FSE-32306 Methodologies for Reading Sustainable Foodscapes


Credits 6.00

Teaching methodContact hours
Group work3
Course coordinator(s)V Valencia PhD
JP Steinfeld
Lecturer(s)prof. dr. ir. JSC Wiskerke
prof. dr. ir. RPO Schulte
dr. ir. FJJA Bianchi
dr. ir. JCJ Groot
CJ Timler
I Wheeler
V Valencia PhD
prof. dr. RE Creamer
JP Steinfeld
dr. ir. EF Talsma
Examiner(s)prof. dr. ir. RPO Schulte

Language of instruction:


Assumed knowledge on:

Farming systems, ecosystem services, natural resource management, socio-ecology, and a background in modelling and/or statistics


A foodscape is a socio-ecological arrangement of a food system, placed in the biophysical context of a landscape. This is a scale and interdisciplinary level at which systemic transformation towards sustainability can be effectively assessed and managed. A foodscape is characterised by, inter alia, its biophysical components including, soils, topography, climate, and rivers; land use and land cover features (e.g., crop fields, grazing land, natural habitats); and social and institutional dimensions, including the people who interact with the foodscape (e.g., residents, farmers, retailers, consumers) and the policies and governance structures of the system, and their mutual interdependencies. Each foodscape is unique: it reflects local bio-physical conditions, as well as cultural and socio-economic conditions. Some foodscapes are exemplars of sustainable food production, while others may be evolving towards, or away from, a sustainable future.

In the face of this complexity, how can science support the transition of foodscapes towards environmental, economic, and social sustainability? Solutions that make sense from a biological or geographical perspective may be wholly inappropriate within the local cultural or socio-economic context, or vice versa: social innovations may not be suitable given local biophysical constraints. Therefore, transitions towards sustainability require a comprehensive, interdisciplinary diagnosis of individual foodscapes.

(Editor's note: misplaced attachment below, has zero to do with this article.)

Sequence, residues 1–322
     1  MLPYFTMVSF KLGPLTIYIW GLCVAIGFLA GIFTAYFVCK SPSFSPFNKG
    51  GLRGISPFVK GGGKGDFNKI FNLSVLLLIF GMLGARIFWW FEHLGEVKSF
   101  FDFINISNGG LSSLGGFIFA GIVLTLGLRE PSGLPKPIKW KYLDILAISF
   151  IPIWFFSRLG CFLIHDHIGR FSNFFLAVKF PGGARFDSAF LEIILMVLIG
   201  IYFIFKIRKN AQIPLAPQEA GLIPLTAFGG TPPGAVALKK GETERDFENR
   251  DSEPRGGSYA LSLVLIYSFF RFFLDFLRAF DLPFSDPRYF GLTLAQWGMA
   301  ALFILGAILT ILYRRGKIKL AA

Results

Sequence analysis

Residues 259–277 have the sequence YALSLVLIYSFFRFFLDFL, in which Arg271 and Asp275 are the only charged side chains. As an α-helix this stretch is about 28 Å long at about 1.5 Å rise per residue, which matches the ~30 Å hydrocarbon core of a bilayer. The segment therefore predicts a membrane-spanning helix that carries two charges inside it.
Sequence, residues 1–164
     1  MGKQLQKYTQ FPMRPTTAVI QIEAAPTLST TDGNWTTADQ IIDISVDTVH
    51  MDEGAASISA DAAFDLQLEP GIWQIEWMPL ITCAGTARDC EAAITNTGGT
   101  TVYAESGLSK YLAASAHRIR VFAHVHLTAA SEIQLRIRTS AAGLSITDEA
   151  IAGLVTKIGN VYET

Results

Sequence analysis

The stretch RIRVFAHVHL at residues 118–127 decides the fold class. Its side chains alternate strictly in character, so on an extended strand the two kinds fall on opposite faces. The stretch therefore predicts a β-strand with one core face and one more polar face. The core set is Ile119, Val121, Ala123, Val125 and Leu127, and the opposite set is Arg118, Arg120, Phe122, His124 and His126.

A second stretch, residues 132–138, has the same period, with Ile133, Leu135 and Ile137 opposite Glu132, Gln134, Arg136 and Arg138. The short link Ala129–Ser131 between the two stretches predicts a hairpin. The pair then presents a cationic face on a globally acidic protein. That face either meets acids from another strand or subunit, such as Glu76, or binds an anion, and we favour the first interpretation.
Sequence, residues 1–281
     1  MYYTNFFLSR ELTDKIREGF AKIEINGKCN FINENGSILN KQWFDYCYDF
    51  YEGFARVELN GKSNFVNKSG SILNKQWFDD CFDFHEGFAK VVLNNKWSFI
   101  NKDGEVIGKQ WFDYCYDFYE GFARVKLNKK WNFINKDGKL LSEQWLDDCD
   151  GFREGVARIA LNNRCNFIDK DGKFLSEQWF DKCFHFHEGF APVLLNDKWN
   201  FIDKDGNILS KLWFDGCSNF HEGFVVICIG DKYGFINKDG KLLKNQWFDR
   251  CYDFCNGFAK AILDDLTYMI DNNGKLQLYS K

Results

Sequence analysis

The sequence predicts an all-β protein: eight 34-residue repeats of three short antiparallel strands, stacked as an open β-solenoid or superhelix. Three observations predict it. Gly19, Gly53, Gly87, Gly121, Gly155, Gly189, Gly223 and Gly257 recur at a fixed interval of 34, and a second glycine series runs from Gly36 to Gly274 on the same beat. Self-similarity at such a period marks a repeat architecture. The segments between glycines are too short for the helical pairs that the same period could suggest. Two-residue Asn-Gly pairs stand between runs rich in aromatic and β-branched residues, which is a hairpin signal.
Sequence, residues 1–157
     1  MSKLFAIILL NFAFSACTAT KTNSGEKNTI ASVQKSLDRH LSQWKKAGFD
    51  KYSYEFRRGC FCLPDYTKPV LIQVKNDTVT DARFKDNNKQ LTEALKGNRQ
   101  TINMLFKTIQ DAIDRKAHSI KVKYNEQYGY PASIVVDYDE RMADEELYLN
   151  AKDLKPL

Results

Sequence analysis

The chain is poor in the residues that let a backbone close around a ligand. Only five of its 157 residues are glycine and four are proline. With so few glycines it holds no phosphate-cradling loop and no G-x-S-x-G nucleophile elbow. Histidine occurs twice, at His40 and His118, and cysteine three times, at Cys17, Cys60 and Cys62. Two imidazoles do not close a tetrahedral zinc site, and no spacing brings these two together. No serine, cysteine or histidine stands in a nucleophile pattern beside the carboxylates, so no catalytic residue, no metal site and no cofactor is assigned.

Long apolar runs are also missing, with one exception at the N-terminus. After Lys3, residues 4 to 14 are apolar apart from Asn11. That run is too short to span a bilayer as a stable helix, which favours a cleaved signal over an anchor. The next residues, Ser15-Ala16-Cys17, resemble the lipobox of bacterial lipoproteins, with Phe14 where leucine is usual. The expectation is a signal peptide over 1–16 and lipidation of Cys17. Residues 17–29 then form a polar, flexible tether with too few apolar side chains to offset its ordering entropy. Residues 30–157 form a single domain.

In this course, students will learn principles and applications of a range of approaches to analyse foodscapes as systems through multiple lenses by applying a diverse portfolio of scientific methods. These methods are complementary and – together – can be used to diagnose foodscapes, show different perspectives, guide planning and decision-making for interventions, and visualize transition pathways.

Examples of the foodscape analysis approaches include:
- foodscape mapping to uncover food environments;
- nutrition Sensitive Landscapes as a framework to analyse the nutritional and agricultural diversity of a foodscape towards supporting nutritious diets for people;
- sampling procedures for surveys and experimental design in communities and fields/landscapes;
- statistical typologies and Q-methodology, for the characterization of diversity and heterogeneity in foodscapes;
- assessing ecosystem services at the foodscape level by using GIS and statistical tools;
- social Network Analysis (SNA) and signal mapping to analyse social and ecological systems as networks;
- Functional Land Management (FLM) to assess the supply of soil-derived functions and how to match these with their respective societal demand.

We will use the Global Network of Lighthouse Farms (a global outdoor classroom and laboratory on sustainable foodscapes: https://www.wur.nl/en/Research-Results/Chair-groups/Plant-Sciences/Farming-Systems-Ecology-Group/Lighthouse-project.htm ) as our real-life case studies. We will bring these lighthouses to life, inside the classroom, using both Virtual Reality and Augmented Reality.

Learning outcomes:

After successful completion of this course students are expected to be able to:
- use and apply a diverse set of methodologies for assessing foodscapes;
- analyse key components (biophysical, institutional, socio-economic, ecosystem services, farming systems) of foodscapes and their interdependencies;
- identify and examine the internal and external drivers (biophysical, institutional, economic, motivational, social) of the development trajectory of a particular foodscape;
- assess the dynamics of interlinked social and ecological dimensions with a diverse set of methods and tools;
- inform planning processes and support decision-making in evidence-based redesign and transition of a foodscape;


Lectures, Tutorials, Case-studies, Group work, Practica (Modelling). Please note that there will also be on-site activities in week 7 (study week).


100% assignment portfolio, no exam.


All literature will be provided in Brightspace.

Restricted Optional for: MOAOrganic AgricultureMScA: Spec. A - Agroecology5MO